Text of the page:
Micael Jonsson is an Associate Professor at the department of Ecology and Environmental Science, Umeå University, Sweden. His research is focused on impacts of environmental variation, including that caused by human activities, on ecological community characteristics, and subsequent effects on ecosystem processes, functioning, and services. His research is carried out in both aquatic and terrestrial environments, and at the aquatic-terrestrial interface, with a current focus on boreal forest ecosystems.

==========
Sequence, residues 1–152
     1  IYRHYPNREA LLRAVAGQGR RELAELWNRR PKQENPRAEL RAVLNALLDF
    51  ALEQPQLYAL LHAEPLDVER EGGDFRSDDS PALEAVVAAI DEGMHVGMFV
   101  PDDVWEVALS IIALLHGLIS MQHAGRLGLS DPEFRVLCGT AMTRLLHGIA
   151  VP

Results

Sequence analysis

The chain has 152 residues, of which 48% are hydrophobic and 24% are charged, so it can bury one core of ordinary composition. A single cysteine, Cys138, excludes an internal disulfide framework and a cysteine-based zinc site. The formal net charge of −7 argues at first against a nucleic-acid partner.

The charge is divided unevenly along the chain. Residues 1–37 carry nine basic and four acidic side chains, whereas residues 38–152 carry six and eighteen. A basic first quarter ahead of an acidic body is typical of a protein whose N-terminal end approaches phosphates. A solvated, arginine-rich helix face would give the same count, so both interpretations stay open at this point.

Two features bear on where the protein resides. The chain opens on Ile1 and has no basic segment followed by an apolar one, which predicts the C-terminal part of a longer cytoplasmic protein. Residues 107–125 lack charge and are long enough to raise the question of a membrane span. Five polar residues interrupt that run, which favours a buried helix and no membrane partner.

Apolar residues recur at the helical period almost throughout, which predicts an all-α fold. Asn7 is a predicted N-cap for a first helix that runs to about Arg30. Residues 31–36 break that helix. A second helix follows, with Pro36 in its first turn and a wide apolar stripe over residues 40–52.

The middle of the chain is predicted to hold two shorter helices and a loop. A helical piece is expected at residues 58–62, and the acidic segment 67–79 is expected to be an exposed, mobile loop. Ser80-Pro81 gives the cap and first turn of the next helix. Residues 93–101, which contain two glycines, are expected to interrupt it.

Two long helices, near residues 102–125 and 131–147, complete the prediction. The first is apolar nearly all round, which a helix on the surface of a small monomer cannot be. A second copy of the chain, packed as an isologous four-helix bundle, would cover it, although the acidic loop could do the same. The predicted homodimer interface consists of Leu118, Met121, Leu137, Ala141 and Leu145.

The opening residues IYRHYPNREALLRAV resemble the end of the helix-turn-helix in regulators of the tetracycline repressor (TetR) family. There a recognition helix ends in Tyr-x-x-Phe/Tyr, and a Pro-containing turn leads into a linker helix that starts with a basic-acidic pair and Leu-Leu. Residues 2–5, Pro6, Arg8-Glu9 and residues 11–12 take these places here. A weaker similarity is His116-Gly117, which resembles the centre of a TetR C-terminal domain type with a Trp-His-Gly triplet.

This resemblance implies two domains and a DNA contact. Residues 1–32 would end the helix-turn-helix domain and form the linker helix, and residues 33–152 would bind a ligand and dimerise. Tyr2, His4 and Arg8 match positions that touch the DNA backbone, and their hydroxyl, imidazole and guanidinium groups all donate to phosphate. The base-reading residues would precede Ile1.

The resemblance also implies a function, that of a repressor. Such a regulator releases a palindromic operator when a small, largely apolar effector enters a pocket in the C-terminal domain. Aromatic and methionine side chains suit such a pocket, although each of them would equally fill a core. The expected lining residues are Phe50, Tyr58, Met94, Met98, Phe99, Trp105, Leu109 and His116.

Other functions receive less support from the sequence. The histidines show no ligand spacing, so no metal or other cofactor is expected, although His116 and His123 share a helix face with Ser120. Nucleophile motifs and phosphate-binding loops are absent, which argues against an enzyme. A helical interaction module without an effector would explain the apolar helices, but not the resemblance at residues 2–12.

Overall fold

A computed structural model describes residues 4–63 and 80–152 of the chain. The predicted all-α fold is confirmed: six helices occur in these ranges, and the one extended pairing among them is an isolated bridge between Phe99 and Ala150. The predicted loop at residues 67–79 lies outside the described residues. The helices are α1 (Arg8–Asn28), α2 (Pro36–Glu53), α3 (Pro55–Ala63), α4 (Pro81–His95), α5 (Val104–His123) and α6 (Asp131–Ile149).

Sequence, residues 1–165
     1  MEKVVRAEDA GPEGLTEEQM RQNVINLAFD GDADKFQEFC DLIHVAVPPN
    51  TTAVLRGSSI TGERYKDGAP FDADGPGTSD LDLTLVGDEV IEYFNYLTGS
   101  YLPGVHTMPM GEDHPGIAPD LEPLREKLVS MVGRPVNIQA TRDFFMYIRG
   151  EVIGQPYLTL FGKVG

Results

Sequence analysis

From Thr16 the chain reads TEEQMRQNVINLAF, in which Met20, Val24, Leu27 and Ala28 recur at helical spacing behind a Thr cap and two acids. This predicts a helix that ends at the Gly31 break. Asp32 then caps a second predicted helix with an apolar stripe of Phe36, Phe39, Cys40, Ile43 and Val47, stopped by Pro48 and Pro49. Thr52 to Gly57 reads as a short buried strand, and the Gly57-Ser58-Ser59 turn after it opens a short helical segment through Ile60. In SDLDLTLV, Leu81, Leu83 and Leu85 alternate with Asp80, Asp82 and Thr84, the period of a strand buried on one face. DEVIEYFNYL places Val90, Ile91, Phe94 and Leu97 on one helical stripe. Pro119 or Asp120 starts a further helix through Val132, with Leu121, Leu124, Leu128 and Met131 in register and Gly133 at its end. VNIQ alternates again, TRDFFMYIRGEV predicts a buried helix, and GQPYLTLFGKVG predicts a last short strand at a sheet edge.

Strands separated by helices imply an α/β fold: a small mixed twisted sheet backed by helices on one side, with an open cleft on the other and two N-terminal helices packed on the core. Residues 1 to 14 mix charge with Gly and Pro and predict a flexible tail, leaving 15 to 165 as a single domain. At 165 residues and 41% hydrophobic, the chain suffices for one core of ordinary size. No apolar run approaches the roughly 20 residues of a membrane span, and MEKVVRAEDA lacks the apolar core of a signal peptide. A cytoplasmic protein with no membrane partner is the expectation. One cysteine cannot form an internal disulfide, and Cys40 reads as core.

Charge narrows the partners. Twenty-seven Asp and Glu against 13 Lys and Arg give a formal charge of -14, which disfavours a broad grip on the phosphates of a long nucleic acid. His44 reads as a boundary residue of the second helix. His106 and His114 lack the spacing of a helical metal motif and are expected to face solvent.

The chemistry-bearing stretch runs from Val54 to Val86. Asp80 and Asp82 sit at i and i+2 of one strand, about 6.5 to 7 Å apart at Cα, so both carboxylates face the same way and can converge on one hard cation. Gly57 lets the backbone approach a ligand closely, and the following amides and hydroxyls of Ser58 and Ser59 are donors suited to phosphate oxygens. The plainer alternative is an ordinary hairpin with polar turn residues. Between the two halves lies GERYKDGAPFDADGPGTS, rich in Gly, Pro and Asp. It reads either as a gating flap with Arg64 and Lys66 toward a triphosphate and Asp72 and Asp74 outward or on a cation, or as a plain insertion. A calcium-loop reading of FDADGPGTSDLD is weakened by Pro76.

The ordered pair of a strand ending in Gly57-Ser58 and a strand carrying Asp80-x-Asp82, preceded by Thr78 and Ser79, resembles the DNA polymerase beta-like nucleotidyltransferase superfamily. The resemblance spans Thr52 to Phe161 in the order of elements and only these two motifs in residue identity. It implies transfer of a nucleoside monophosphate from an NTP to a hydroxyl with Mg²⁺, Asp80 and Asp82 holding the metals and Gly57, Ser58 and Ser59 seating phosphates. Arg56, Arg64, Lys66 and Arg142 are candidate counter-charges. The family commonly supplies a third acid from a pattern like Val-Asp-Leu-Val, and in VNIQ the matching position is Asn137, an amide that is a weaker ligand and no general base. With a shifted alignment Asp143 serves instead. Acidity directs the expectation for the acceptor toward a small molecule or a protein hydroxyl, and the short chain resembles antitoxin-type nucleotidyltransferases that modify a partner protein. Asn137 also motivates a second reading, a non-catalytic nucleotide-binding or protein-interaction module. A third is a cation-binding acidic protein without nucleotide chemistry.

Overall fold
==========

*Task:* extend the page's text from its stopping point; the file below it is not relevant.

Global and local ecosystem change resulting in diversity loss has motivated increased efforts to understand relationships between species diversity and ecosystem services. However, it is unclear how such an understanding can inform policies for management of ecosystem services in production systems, which are primarily used for food or fibre, and rarely managed for conservation of species diversity. Using data from a nation-wide forest inventory covering an area of 230,000 km2, we show that specific relative abundances of commercial tree species in mixed stands strongly influence potential yields of ecosystem services, with higher yields than expected from the respective plant monocultures (overyielding or transgressive overyielding) in 35% of the investigated cases, and lower than expected (underyielding) in 9% of the cases. Our study thus shows that relative abundances, not only species richness per se, of specific tree species mixtures affect forests’ potentiality to provide multiple ecosystem services, which is crucial information for policy and sustainable forest management.